|The third excerpt represents the element of Water. It speaks of pure spiritual influences and feelings of love, and is drawn from Plain Tales from the Hills by Rudyard Kipling:
filled in the other twenty-four months. Hannasyde was quite
different from Phil Garron, but, none the less, had several points
in common with that far too lucky man.
He kept his unrequited attachment by him as men keep a well-smoked
pipe--for comfort's sake, and because it had grown dear in the
using. It brought him happily through the Simla season. Hannasyde
was not lovely. There was a crudity in his manners, and a roughness
in the way in which he helped a lady on to her horse, that did not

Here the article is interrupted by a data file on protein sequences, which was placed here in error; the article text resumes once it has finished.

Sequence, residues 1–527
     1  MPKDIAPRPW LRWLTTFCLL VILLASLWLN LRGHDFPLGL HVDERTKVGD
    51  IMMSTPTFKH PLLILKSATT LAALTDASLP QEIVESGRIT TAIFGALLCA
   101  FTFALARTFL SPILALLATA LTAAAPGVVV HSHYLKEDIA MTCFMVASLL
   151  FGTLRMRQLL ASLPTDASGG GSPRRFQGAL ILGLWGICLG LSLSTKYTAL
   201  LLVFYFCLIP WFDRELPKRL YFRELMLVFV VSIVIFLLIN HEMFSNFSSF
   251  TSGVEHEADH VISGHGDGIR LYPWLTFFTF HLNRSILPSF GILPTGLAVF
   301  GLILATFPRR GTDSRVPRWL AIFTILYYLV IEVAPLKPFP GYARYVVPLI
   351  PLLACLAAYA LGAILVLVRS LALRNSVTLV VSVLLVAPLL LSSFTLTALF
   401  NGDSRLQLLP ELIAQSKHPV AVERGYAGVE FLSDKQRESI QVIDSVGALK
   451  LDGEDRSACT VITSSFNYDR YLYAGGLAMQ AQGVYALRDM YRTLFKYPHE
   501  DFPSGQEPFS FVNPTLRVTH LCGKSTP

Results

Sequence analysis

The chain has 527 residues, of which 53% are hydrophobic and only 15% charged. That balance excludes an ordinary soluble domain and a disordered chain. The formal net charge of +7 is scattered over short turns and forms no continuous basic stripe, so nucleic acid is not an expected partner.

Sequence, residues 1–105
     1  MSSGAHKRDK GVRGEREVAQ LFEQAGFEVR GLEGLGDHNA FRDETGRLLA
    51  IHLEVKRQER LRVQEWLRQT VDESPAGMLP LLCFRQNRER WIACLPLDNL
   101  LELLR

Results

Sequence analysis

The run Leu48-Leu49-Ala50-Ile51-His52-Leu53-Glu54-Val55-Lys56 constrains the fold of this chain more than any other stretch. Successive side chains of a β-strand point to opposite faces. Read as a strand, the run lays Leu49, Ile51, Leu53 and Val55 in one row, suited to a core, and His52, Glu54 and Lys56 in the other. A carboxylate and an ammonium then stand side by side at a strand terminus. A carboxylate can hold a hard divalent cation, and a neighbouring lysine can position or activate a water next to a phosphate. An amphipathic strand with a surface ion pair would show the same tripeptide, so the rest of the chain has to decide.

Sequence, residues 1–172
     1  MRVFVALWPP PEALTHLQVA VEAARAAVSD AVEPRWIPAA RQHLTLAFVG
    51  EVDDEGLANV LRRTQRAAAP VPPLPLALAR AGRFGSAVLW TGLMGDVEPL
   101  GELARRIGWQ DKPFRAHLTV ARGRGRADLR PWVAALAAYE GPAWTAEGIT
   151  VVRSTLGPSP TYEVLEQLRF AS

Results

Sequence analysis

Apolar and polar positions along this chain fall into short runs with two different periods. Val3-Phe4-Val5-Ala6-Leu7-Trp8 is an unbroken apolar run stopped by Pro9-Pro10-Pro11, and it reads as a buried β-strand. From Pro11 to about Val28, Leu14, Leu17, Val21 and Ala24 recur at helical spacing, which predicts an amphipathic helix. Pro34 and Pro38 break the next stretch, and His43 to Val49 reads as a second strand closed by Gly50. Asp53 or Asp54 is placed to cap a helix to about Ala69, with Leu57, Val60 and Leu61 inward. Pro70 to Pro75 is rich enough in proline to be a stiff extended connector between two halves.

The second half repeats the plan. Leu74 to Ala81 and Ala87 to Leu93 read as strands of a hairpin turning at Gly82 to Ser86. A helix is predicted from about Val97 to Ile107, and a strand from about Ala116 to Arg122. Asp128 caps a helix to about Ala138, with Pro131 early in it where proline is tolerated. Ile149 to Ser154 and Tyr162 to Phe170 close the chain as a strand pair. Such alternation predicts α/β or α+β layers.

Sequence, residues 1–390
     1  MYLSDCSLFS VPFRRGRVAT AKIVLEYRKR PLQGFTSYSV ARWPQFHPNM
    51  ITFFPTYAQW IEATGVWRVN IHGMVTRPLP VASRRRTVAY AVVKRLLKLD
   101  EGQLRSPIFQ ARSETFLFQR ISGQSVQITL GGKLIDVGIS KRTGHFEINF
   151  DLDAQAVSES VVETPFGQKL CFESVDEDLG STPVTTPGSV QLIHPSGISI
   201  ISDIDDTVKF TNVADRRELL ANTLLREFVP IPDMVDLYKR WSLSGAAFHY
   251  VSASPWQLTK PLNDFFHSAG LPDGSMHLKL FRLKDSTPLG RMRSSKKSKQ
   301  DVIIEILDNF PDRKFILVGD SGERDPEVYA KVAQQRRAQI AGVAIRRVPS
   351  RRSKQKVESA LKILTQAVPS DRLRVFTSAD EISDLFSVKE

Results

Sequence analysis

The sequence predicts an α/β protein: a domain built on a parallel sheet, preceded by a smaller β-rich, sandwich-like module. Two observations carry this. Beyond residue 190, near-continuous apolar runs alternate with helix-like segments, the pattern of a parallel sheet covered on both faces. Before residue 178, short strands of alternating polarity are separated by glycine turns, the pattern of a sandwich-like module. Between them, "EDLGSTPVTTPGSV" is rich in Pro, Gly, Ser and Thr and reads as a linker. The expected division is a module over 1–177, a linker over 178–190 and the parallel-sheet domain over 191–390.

attract the other sex to him. Even if he had cast about for their
favor, which he did not. He kept his wounded heart all to himself
for a while.
|The fourth excerpt represents the element of Earth. It speaks of physical influences and the impact of the unseen on the visible world, and is drawn from In a German Pension by Katherine Mansfield:
"What! Leave my poor, little, sick, widowed mother in Vienna! Sooner than
that I would drown myself. I love my mother as I love nobody else in the
world--nobody and nothing! Do you think it is impossible to love one's
tragedy? 'Out of my great sorrows I make my little songs,' that is Heine
"Oh, well, that's all right," I said cheerfully.
"'But it is not all right!"
I suggested we should turn back. We turned.
"Sometimes I think the solution lies in marriage," said Fraulein Sonia.
"If I find a simple, peaceful man who adores me and will look after mamma
--a man who would be for me a pillow--for genius cannot hope to mate--I